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    Sobriquet 46.17

    Wednesday, September 17, 2008
    Well, it looks like my internet problem will be solved some time Monday, which will be nice. I will try to post an entry every so often until then, but I can't promise to publish anything on a daily basis before I have that issue resolved.

    On the dissertation front, I actually had a brief impromptu meeting with my supervisor yesterday afternoon. Among other things, we chatted a bit about some of the ideas I have been toying with for the chapter on Disgrace. I left feeling better about things; it's always nice to get a vote of confidence from someone when you've been toiling in isolation for as long as I have.

    I also read some more of Inner Workings as well as another critical essay on Disgrace, which I will have to discuss later, when I have more reliable (i.e., not restricted to an hour of use) access to the internet. Inner Workings is a wonderful little book, by the way. Coetzee is an extremely insightful literary critic who does not write in an overtly academic voice. Rather than inundate readers with evidence of his own scholarly research as is common in smaller, explicitly academic publications, Coetzee directs his writing at a broader, though equally literate, readership (most of the essays in the collection were originally published as reviews in the New York Review of Books, for instance). In doing so, he combines the sort of critical attention to detail one associates with scholars writing for their colleagues with the enthusiasm of someone who writes a monthly column in a more accessible intellectual magazine. The end result, as is often the case with good criticism, makes the reader want to seek out the book in question and read it for him- or herself.

    For tomorrow through Monday: Read an essay or a bit of The Rights of Desire each day.

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    Monday, September 15, 2008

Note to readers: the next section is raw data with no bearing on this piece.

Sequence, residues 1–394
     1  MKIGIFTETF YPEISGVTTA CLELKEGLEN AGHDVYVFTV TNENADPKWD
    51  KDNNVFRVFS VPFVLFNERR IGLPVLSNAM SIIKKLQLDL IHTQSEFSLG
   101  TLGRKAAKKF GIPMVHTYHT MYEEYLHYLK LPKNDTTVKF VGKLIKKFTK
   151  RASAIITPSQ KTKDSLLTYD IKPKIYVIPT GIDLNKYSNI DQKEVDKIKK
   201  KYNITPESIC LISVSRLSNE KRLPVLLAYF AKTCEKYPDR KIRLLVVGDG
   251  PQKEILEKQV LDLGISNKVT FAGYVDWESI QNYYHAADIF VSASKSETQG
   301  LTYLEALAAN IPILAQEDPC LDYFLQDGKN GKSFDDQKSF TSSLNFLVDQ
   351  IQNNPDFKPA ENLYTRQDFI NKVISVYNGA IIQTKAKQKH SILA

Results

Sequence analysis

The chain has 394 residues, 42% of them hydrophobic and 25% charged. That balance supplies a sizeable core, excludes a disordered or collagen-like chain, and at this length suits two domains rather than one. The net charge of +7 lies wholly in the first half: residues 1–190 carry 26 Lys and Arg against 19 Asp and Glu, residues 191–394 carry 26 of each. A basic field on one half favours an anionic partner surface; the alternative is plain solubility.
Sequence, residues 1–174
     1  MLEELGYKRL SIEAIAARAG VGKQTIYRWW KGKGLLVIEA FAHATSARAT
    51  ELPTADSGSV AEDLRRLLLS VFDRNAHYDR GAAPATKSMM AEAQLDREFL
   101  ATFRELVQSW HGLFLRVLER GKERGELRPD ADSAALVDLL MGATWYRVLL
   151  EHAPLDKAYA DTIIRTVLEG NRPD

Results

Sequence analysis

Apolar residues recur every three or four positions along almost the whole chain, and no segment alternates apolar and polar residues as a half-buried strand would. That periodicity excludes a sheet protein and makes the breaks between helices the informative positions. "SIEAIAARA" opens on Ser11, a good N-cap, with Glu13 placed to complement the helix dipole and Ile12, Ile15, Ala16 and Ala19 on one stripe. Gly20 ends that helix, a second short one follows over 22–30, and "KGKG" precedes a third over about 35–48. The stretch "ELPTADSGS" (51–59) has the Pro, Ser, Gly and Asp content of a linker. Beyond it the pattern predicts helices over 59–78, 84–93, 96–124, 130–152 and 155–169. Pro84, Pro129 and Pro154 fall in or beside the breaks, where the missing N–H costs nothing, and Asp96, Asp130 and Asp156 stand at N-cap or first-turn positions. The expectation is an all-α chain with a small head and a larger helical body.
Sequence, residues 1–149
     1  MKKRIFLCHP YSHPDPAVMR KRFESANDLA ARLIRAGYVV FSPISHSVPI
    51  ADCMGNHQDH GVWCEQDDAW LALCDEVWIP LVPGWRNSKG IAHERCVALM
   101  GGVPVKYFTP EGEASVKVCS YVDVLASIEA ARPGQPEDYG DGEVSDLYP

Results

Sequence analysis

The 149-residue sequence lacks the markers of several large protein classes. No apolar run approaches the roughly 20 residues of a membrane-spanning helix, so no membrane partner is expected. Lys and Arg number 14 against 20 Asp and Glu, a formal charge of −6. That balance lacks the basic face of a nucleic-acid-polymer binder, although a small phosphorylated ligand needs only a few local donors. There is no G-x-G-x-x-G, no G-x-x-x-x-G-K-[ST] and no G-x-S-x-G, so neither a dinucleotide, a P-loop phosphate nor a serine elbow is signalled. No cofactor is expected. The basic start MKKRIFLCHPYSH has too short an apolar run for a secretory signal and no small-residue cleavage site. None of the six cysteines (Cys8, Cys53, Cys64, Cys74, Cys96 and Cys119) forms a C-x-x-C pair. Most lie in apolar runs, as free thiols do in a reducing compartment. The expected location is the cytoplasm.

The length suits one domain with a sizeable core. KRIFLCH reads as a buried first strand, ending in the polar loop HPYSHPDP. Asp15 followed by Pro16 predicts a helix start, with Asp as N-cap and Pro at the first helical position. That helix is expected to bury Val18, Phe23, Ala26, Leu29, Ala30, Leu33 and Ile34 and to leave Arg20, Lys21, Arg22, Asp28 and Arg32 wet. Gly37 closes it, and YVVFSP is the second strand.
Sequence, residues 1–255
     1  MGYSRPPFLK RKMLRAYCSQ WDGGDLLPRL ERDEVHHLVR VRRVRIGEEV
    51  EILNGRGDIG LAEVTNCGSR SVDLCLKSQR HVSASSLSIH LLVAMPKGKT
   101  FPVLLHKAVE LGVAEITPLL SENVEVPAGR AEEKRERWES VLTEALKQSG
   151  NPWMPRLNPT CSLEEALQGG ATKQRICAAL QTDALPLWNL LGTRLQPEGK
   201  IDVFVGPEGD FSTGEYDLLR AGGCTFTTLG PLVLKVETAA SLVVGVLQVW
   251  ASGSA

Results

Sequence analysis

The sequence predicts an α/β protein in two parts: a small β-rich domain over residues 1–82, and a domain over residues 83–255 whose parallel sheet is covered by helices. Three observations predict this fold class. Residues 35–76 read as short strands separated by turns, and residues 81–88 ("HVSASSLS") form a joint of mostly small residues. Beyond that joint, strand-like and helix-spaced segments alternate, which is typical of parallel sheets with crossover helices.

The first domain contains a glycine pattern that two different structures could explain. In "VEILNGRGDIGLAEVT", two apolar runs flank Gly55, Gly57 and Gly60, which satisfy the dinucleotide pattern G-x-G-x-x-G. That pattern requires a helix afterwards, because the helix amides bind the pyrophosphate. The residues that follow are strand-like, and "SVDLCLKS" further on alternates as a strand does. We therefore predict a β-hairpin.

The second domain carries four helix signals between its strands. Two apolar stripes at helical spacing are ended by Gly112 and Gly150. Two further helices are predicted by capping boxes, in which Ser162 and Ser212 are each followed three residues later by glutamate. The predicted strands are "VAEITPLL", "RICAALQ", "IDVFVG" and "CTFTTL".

Well, I still haven't got the internet at home, so I am accessing the web at the library. Despite the fact that I said I would not be writing something every day until I can solve this delightful little dilemma, I decided to try and get something down today. Basically, I don't want to use my lack of internet access as an excuse to be lazy. It's not like I have a whole lot to report since yesterday, though. I spent the vast majority of the time I should have been reading fixing my laptop so that I can at least have some way to get online when not at work. After all, I can't lug my desktop to a wifi hotspot at will. Despite my success is resurrecting my laptop, however, I regard yesterday as the shitty nadir of my week. Even my rise-from-the-dead Phoenix of a computer couldn't lift me out of the slough of non-productivity into which I had sunk. Although I had a full afternoon and evening to work, I found ways not to do anything. I slept, I found a Tim Hortons in Cortland, I exercised, I fixed the aforementioned laptop, I chatted with a neighbor, I made plans to see a friend later this week, I listened to some old Bad Brains songs. I just didn't get my reading done. Finally, when I realized that I could not possibly make sense of the article I was trying to read at nearly four in the morning, I decided to read another of Coetzee's essays in Inner Workings. And, yeah, the author's comments on Hugo Claus actually proved to be quite enlightening, so the day was not wasted and I did get my "read an essay" assignment done, but it sure as hell didn't feel like a good day.

    For tomorrow and tomorrow and tomorrow: Keep it up. Read another essay or part of Brink's novel.

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    Sunday, September 14, 2008
    Since my internet has been dead for a few days now, I have been having some real trouble getting online. As a result of this difficulty, the entry I wrote in a word processing program last night (Sobriquet 46.14) cannot be posted. I will try to post it (and any other "unplugged" entries) when I get the chance. Still, since I haven't the foggiest clue when I will next have internet access at home, I can't promise to make daily posts to the blog. I can, of course, access the internet at the library (as I am doing now), but given how few terminals there are, I mightn't get much time to write anything. But I assure you, I am continuing to work on the dissertation.

    For today, tomorrow, and until I can get get this internet access problem solved: Read an essay or a section of The Rights of Desire each day.

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    Saturday, September 13, 2008
    Written on 9/13/2008; posted 9/22/2008: